Skip navigation

The vocabulary of budget development is part of the language required for writing a winning grant proposal. Revised and expanded in mid-2016, this set of entries covers words and phrases from D to F. Its context is the United States of America.

 

DEMONSTRATION GRANT: A grant designed to help an applicant to test, prove, or establish the feasibility or effectiveness of new approaches or new types of services in solving one or more defined problems or in addressing one or more defined needs.

 

DIRECT COSTS: Costs directly associated with operating a project and borne using funds from a grant maker. In government grants, direct costs commonly include: personnel (salaries, wages, and fringe benefits), consultants or contractual services, supplies and materials, equipment, travel, construction and renovation, and other. Foundation and corporate categories for allowable direct costs are typically fewer than government categories. Also see: Indirect Costs.

 

DIRECT SERVICES GRANT: A grant designed to provide services directly to a pre-defined population of beneficiaries rather than to support other purposes such as research or general operating costs. Also see: Research Grant.

 

DISCRETIONARY GRANT: A grant awarded to a recipient selected after a competitive review based upon the judgment of the grant maker or at the option of the grant maker. A discretionary grant program commonly involves a high ratio of applications to grant awards. In the foundation context, a discretionary grant may also be a grant awarded to a recipient based on the judgment of a member of its board of directors or trustees or at the option of a member of its board of directors or trustees.

 

DUNS (DATA UNIVERSAL NUMBERING SYSTEM) NUMBER: A unique nine-digit identification number provided by Dun & Bradstreet (for free) and now required as an identifier for every applicant before it applies for a grant from the federal government.

 

EARMARK: A grant appropriated by a legislative body prior to a peer review. It specifies the applicant’s name, the activity, and the grant amount.

 

ELIGIBLE ACTIVITIES: A circumscribed set of activities for which applicants can propose to spend available grant funds; enabling state or federal legislation often explicitly defines them, and many public and private grant makers also often define them in their application guidelines or on their websites.

 

ELIGIBLE APPLICANTS: Specific and defined types of organizations that may apply for funding from a specific grant program at a specific time. Types commonly include: non-profit organizations, community-based organizations, faith-based organizations, institutions of higher education, state educational agencies, and local educational agencies, and federally recognized American Indian tribes, among many others. Depending upon the specific grant maker and the specific grant program, individuals also are often eligible to apply for grants.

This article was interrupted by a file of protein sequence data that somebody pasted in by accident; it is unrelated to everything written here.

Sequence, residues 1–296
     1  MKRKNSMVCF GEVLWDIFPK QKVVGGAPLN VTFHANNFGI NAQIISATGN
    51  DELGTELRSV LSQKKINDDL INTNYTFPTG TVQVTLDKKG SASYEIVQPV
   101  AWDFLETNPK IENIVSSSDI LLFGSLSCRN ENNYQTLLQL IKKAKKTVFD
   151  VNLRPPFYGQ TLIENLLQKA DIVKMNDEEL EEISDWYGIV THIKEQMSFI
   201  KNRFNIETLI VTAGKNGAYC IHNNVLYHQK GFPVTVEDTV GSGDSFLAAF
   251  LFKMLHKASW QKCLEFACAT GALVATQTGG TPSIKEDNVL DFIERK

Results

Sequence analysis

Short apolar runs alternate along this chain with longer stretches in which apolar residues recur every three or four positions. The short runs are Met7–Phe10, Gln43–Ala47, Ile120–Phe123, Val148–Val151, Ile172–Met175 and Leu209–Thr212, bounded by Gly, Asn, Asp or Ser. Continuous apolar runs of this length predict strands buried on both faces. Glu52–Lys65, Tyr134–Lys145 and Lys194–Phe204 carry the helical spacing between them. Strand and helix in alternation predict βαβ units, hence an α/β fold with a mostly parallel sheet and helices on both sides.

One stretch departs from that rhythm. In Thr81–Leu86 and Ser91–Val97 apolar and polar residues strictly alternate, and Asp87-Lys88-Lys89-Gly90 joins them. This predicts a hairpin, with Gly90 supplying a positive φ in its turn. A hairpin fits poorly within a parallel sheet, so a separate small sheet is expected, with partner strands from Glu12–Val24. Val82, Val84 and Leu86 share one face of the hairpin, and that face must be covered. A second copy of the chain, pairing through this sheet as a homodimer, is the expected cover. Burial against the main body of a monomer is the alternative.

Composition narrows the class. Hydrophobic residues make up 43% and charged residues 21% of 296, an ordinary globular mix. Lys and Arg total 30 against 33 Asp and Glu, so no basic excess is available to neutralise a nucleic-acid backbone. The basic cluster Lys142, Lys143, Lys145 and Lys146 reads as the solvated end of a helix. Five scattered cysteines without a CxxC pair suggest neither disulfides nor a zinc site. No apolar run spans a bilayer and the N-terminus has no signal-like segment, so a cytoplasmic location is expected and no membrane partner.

ELIGIBILITY CRITERIA: Qualifying factors that a potential applicant must satisfy before it seeks a grant; often they pertain to the type of individual or organization as an applicant or to the persons or geographic area to benefit from a grant.

 

ENABLING LEGISLATION: A law, enacted at any level of government (e.g., city, borough, county, parish, state, federal), which creates and defines one or more grant programs.

 

ENDOWMENT FUND: An account of funds set up to be invested in perpetuity to provide income for the continuous support of a non-profit organization. Some foundations will award grants for endowments.

 

EQUIPMENT: A cost category for durable resources requested in a budget; generally, each discrete item of equipment lasts more than a defined period of time (e.g., one year or three years) and costs more than a defined minimum amount (e.g., $500 or $5,000). Definitions of equipment in terms of durability and minimum cost vary widely among grant makers. Also see: Supplies.

 

EXTERNAL GRANT: A grant awarded to the applicant by any source other than the applicant itself. Example: For a school district, sources of such external grants include the local community foundation, the state education agency, and the federal education agency.

 

FAMILY FOUNDATION: An independent, private foundation that the members of a single family fund and maintain. Example: Davis Family Foundation.

 

FEDERATED GIVING PROGRAM: A collaborative fundraising effort usually administered by a supervising nonprofit organization that in turn distributes the funds generated through that effort as grants to other nonprofit organizations. Example: United Way of Greater Houston.

 

FISCAL AGENT: An organization that has legal accountability for managing a grant award, for expending its funds, and for reporting on grant expenditures.

 

FISCAL SPONSOR: A third-party organization that agrees to serve as the fiscal agent for a grant on behalf of an applicant or a consortium of applicants; some grant makers will permit use of a fiscal sponsor, others will not.

 

FISCAL YEAR (FY): A 12-month period at the end of which the financial accounts are closed for the organization in question. Common fiscal years are: October 1 through September 30 (federal), July 1 through June 30 (states), and January 1 through December 31 (foundations). Organization-wide financial audits commonly occur after the end of each fiscal year.

 

A later post will cover entries in this Glossary starting with letters F to I.

Advertisements

Leave a Reply

Fill in your details below or click an icon to log in:

WordPress.com Logo

You are commenting using your WordPress.com account. Log Out / Change )

Twitter picture

You are commenting using your Twitter account. Log Out / Change )

Facebook photo

You are commenting using your Facebook account. Log Out / Change )

Google+ photo

You are commenting using your Google+ account. Log Out / Change )

Connecting to %s

%d bloggers like this: